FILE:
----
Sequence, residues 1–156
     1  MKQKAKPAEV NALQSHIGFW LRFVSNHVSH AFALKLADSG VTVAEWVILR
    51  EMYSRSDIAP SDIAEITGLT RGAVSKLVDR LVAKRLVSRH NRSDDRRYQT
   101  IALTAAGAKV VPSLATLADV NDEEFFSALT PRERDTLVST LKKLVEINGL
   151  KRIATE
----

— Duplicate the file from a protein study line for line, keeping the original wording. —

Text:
Sequence, residues 1–156
     1  MKQKAKPAEV NALQSHIGFW LRFVSNHVSH AFALKLADSG VTVAEWVILR
    51  EMYSRSDIAP SDIAEITGLT RGAVSKLVDR LVAKRLVSRH NRSDDRRYQT
   101  IALTAAGAKV VPSLATLADV NDEEFFSALT PRERDTLVST LKKLVEINGL
   151  KRIATE